• @PeteL.Clark I actually graduated from UGA...go DAWGS! Please see edit above. – CSGal Mar 13 '14 at 20:24
  • CSGal: Wow, small world. I was going to ask if you ever had me for an instructor...until I realized that was a stupid question in light of what you've already mentioned. I did notice that your description of the math requirements for a CS major were remarkably close to the ones I looked up. Anyway, I feel like you must have more going for you than your question has communicated in order to make it where you have. (Added: the edit helps a lot.) I'll think more about your question. – Pete L. Clark Mar 13 '14 at 20:30
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Okay, here's some advice:

I like that you have an ambitious, but clear, long-term goal: to work at NASA's JPL. That puts you far ahead of many PhD program applicants in a very important aspect.

Getting into Caltech's PhD program seems like a less realistic goal to me, honestly. They have one of the US's very best programs in CS/EE. Very top programs have their pick of applicants. They are likely going to not seriously consider applications with a low undergrad GPA just because that's one of the easier of many cuts they need to make in order to get the applicant pool down to a reasonable size. Or another way to put it is: imagine that your application is very strong except for this one noticeable flaw. They will be looking at plenty of applications which are similar to yours except that this flaw is not present. What do you expect them to do?

Fortunately you don't need to go to Caltech to get a job at JPL (although it wouldn't hurt, obviously). You need to go to a serious, reputable university (think UGA) and acquire and demonstrate the talents and skills that will get you hired at JPL. One's academic pedigree is important but it is certainly not all-important, even in academia and still less in industry. (I got my PhD in mathematics from Harvard, which afforded me the largest possible head-start on the job market. It was quite an awakening to discover that my Harvard degree was much closer to a foot in the door than a golden ticket, and the amount of work that I had to do after getting my PhD from an absolutely top program in order to land a job at a serious, reputable -- but not at the very top -- university is still remarkable to me.) You should be shooting for more like a top 50 program, I think, although you should not take my word for it but rather apply to a range of programs when the time comes.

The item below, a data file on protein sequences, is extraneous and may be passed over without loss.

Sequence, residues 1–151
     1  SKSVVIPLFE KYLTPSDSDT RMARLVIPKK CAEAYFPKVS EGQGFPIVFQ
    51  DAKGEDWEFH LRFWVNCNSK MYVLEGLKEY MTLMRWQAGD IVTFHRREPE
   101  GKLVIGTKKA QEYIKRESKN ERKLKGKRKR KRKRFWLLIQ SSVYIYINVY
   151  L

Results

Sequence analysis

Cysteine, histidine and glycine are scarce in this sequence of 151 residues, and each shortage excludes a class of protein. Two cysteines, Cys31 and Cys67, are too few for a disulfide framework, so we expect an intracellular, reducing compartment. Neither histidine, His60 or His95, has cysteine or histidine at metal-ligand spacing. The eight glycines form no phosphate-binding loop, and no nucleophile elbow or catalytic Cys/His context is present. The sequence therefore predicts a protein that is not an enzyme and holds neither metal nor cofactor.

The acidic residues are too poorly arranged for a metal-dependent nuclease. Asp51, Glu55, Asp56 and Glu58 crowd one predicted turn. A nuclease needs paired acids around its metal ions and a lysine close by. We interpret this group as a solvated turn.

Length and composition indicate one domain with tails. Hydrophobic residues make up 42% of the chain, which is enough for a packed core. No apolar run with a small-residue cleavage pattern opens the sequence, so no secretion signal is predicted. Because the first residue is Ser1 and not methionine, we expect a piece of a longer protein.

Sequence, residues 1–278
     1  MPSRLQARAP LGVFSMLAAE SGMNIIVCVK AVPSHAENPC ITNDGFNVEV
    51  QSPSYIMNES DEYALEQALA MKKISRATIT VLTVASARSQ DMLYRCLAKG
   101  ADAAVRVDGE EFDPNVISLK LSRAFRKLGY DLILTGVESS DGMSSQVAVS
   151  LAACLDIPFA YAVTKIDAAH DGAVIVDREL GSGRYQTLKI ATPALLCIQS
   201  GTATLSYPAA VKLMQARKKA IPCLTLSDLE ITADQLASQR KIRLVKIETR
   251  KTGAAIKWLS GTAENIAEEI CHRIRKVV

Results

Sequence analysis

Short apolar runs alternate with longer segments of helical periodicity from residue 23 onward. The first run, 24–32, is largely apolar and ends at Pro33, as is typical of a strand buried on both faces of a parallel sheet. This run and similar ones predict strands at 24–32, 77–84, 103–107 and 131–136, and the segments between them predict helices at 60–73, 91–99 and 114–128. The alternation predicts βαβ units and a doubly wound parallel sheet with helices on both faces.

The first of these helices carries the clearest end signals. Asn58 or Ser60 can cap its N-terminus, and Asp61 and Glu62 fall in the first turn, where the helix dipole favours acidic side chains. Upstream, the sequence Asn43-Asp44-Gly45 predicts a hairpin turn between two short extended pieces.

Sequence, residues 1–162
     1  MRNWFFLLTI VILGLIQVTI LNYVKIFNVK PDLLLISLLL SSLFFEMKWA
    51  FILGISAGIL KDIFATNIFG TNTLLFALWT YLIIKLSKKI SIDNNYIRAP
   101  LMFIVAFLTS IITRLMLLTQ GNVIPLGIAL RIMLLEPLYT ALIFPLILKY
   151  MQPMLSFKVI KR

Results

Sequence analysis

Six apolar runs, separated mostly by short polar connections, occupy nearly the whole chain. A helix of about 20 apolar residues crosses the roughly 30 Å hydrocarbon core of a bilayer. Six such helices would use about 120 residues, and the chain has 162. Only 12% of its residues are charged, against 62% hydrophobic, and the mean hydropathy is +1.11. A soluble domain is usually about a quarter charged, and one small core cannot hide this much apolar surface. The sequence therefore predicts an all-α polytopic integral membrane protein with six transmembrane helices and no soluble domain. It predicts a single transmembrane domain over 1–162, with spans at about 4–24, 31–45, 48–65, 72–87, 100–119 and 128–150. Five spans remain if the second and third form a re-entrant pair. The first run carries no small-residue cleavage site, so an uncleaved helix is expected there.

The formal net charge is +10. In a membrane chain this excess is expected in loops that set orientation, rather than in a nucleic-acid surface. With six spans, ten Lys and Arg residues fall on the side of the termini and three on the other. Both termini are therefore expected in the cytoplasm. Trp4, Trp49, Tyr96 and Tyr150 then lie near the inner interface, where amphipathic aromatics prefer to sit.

Your undergrad GPA does look like a bit of a problem to me. Since it happens that you got your undergrad degree at my university, I know that your GPA is significantly below the average. In fact having a GPA of below 3.0 is significant at UGA for reasons that you understand and thus I don't need to get into.